Pre-deployment training / by Jerry

The last two weeks have been filled with the pre-deployment conference - a very busy time in which we're told and taught everything we need to know.

This started last Sunday afternoon when Girton College opened it's doors to 100 or so scientists, technical staff, field assistants, chefs and doctors heading to Bird Island, South Georgia, Signy, Rothera and Halley as well as those going further into the field like the Subglacial Lake Ellsworth team.

The official photo of those going south in 2012/13

We started off with a lot of meetings with our teams and talks about our specific locations as well as being informed on more general company type stuff. Mixed in with this were presentations about bits of research going on in different disciplines across the continent. There was a lot of first aid training, as you'd imagine, with many varied practice scenarios thrown at us in quick succession. Amongst the rest of it we got to practice (not play) with fire extinguishers and were taught all about teamwork from the classroom.

Probably my favourite part was the Sea Survival Training in Lowestoft. This involved an early start and a load more Powerpoint, but after lunch we got in the pool for real training. We ran through a few drills and ended up with an 'abandon ship' scenario; mostly pitch black with occasional flashing lights and the noise of the wind machines whipping the pool up to about 5ft swell as the sprinklers rained down cold showers. We had to run up stairs, put life-jackets on, drop the 3m into the water, swim over to the raft and get everyone in and safe. We possibly carried on a bit too long as we started desperately bailing out with our shoes, but you could feel the adrenaline flowing through the group. We all survived and were pretty efficient, and from what I understand the Southern Oceans aren't that different from a heated pool in Suffolk.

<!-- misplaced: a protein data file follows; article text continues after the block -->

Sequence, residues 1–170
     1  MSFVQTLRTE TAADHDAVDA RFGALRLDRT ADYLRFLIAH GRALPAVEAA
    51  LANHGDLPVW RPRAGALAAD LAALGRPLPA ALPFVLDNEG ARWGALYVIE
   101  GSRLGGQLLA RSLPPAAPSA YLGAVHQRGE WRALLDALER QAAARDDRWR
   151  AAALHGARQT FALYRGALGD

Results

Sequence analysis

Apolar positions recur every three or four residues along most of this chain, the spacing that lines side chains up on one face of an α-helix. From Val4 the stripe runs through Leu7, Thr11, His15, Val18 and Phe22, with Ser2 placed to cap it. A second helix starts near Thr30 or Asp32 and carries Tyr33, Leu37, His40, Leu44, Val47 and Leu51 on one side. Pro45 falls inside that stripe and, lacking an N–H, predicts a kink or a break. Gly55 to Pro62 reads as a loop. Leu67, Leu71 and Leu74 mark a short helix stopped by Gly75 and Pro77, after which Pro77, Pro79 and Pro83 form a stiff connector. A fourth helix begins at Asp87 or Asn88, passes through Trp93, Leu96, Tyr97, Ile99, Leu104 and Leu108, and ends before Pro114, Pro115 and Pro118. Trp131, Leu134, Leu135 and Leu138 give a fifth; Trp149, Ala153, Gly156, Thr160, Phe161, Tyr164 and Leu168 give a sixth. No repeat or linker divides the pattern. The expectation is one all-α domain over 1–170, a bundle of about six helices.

Following a week of glorious sunshine we were enthusiastic about our trip up to Derbyshire for the Field Course. As you probably know, this turned out to be in the middle of the worst September storms for 30 years. Our campsite was a mudbath when we arrived and we spent the first evening learning basic campcraft stuck inside a tent.


Our dining room. Note the mud and puddles.

The next day we got out to Curbar Edge to learn how to rescue ourselves and others from crevasses. So we abseiled down and jumared back up the cliff in between sheltering from the elements. Even though Bird Island doesn't have any crevasses I hope some of this will be useful in the future. It's a while since I've abseiled and I haven't used the jumars before, so it felt worth it.

Sheltered behind a rock on Curbar Edge.

 Hannah, concentrating more on the camera than the large drop below.

Chris, jumarring back up the cliff.

Sandwiches and tea in a cramped cave.

Back at the site we ran through a couple of search and rescue drills before cooking and heading to the pub, where we filled a large room with wet coats, boots, socks and other layers.

Eagle Rock and a Highland Cattle we passed on our walk back.

 Practicing search and rescue in a simulated blizzard.

Drying off in the pub. See the pile of wet clothes behind us.

We were back on the ridge the next day, running through navigation and more search drills in the rain, fog and boggy ground that sounds quite representative of Bird Island. 


 Another lovely day in the Peak District.

More white-out search and rescue.

We headed back to Cambridge that afternoon, a day early but I think another night in the rain and mud might have broken our spirits. I know it'll be colder and wetter down south but I'll also be better equipped and with a base to go back to.

It's been hectic but good fun. It was great to meet so many others who are heading south and finding about what they're going to be doing. I look forward to hearing their stories and seeing photos once we're out there.
Team Bird Island: Hannah (seals), Jerry (penguins), Chris (buildings), Tamsin (base commander) & Steph (albatrosses).